These are my brothers. From left to right: Benjamin, Dovid, Menachim Ronder. The picture was made in Kaunas in 1930.
I was born in Lithuanian town Kedainiai [about 100 km to the west from Vilnius]. In 1920s-1930s it was a small district town. The population was a little bit over three thousands, two thirds out of which were Jews. There were strong Jewish traditions in town.
My father cultivated cucumbers and sold them wholesale. I do not know for sure ho my parents met, but I think they had a prearranged marriage. In 1898 my parents got married in chuppah in the main synagogue of Kedainia. There were a lot of guests at the wedding, Jewish musicians. In word, it was a true Jewish wedding.
In a year, in 1899 my eldest brother Abel was born and in 1902 -David, in 1904 - Mordechai, in 1906 - Leibl, in 1910 - Menachem, in 1912 - Benjamin, and in 1914 - the only sister Beile.
The house, where I was born, was one-storied long building made by grandfather Leibl, which was practically out of town, close to the gardens. I vaguely remember that place. When the family was getting larger (practically all my brothers, beside my single brother Menachem, Leibl, who left for Argentine and Morduchai who left for Meriampol) brought their wives in our house. Then started having children, there was less and less room. Then mother sold the old house and bought another one in the downtown. It was kind of angular, two-winged, two storied wooden house like most Lithuanian houses. There were seven rooms, a large kitchen, where the whole family met at dinner in the evening.. Our family was neither rich nor poor. We had a modest living, but had all necessary things my mother and brothers worked very hard. They did not have easy bread. Ìenachem dealt with husbandry more than anyone else in the family. In spite of the fact that he was not the oldest, he took over father's business. Menachem treated me very well, trying to be like a father to me so that I would not feel like being an orphan. Even now I sincerely consider him to be my second father.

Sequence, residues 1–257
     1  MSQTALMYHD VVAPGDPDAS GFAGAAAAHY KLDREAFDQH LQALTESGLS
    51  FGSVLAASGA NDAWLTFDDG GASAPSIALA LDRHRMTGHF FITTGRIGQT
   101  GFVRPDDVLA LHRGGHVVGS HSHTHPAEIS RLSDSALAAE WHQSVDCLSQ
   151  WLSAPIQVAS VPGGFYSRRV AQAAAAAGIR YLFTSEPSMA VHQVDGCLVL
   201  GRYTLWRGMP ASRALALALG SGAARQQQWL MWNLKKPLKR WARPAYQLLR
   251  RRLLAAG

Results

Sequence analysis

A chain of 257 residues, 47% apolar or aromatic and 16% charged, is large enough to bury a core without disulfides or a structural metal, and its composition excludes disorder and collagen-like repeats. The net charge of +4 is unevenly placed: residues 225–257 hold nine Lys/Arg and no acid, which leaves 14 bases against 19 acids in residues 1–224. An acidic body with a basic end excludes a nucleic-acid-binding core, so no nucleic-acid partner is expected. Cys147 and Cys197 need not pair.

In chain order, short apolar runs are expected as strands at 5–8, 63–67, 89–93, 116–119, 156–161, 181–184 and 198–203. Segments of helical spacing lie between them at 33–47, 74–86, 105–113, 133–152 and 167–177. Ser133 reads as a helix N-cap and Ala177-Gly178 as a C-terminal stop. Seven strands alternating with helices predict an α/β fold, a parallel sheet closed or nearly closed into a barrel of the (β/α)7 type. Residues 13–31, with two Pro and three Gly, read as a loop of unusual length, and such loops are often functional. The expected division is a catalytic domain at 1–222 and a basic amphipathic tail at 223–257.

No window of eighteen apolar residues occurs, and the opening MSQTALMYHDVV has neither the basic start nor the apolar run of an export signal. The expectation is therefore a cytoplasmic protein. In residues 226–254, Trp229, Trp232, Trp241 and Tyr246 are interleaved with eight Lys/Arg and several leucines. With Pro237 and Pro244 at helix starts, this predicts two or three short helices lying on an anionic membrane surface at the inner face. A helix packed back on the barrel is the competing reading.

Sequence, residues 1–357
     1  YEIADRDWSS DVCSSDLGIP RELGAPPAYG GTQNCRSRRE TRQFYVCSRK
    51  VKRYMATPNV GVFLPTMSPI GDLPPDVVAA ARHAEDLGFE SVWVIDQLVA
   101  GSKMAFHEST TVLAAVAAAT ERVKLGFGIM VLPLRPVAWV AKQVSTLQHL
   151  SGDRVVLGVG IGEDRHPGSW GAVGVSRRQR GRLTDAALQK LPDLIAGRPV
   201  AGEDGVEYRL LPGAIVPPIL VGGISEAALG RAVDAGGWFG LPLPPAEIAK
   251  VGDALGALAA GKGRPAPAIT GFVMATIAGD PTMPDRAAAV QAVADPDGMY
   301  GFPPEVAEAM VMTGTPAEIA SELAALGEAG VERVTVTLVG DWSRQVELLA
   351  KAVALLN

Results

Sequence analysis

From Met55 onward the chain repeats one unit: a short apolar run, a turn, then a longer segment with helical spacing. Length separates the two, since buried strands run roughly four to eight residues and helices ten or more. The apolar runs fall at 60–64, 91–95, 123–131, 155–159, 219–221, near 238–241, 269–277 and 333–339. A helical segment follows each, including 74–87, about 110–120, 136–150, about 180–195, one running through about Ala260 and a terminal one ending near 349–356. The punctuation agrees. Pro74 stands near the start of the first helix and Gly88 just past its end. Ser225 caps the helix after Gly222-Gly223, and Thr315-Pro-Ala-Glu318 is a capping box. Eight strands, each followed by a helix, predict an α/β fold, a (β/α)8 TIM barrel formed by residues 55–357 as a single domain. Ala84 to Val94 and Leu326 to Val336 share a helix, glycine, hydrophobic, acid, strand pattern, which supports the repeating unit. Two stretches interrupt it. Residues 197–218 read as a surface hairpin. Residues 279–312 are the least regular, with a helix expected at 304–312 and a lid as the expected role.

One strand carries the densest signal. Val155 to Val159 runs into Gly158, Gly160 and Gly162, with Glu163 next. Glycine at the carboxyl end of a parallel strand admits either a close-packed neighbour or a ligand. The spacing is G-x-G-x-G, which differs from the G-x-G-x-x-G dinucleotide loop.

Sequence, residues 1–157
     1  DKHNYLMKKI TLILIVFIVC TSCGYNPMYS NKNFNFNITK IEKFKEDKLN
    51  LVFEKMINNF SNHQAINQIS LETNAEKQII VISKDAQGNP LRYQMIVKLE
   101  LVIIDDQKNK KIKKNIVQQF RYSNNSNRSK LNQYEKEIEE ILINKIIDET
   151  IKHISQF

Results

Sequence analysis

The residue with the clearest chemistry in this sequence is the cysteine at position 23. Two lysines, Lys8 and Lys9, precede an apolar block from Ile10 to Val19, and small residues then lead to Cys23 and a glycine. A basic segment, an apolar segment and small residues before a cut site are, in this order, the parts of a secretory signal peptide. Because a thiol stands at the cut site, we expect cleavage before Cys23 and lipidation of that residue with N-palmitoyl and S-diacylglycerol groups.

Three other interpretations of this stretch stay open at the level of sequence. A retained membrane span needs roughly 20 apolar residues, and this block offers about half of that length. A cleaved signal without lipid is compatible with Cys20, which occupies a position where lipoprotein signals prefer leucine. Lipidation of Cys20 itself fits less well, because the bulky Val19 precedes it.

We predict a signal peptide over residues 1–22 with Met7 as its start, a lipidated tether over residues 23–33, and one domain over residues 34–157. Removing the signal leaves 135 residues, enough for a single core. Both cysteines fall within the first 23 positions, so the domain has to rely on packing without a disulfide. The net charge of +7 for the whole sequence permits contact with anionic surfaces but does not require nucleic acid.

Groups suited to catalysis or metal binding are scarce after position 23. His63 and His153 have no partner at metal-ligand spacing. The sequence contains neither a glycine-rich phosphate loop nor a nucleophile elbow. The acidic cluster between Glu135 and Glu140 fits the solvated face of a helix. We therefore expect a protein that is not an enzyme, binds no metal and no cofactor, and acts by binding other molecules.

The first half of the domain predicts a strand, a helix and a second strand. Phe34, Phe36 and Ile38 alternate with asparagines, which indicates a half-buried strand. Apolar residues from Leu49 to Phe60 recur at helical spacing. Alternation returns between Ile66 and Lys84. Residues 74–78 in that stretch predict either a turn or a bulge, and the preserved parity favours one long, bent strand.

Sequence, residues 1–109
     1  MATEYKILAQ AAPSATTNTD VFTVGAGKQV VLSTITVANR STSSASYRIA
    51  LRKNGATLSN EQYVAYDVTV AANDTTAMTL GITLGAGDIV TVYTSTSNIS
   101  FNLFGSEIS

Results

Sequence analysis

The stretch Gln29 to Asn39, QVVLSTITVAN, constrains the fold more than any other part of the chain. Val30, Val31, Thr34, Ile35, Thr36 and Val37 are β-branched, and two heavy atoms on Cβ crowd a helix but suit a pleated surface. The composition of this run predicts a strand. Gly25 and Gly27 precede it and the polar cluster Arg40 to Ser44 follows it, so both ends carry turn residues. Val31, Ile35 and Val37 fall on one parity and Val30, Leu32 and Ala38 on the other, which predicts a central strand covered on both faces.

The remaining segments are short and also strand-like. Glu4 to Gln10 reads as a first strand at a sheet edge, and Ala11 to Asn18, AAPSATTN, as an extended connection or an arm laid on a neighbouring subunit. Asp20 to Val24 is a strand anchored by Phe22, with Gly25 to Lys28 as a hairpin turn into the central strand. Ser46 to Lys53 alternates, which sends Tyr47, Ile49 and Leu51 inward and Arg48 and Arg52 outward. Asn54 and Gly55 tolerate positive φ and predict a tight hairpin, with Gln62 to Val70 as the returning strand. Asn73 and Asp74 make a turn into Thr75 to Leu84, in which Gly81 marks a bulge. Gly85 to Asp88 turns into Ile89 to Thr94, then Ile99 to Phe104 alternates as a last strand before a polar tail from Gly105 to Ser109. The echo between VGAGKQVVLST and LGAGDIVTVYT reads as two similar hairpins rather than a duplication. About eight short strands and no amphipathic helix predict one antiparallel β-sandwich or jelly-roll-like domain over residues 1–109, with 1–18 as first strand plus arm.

In 1919 the tribulation came to pass: 17-year old lad Dovid, fell under the train. Both of his legs were cut off. Fortunately, Dovid survived and even after his return in Lithuania in 1920 he got married and was happy in his own way. His wife Rivka, who came of a very poor family, married Dovid having deep affection towards him. She was not only a beauty, but she was also very kind and outgoing person. Besides, she was very intelligent. Dovid and Rivka had a son Volodya, who was a year and a half younger than me. He and I retreated together during the war. We were very close friends. Dovid and Rivka stayed in occupation and were killed in 1941.
My favorite brother Menachem remained single and lived with us. He kept on working with father's business- husbandry and sales of vegetables. He served in Lithuanian army. I have his picture in the uniform. Menachem was apolitical, he was fond of sports and he was a member of the Jewish sports organization Beitar. Menachem was shot by fascists in our town during the first days of war.
Benjamin, the youngest brother, was an underground komsomol member. When the Soviets came to power, Benjamin started working as an accountant in one of the soviet organizations. He married local Jew Miriam Ioffe. Miriam got pregnant before the outbreak of war. She and Benjamin were shot were shot during the first days of occupation in Kedainiai. along with other komsomol members.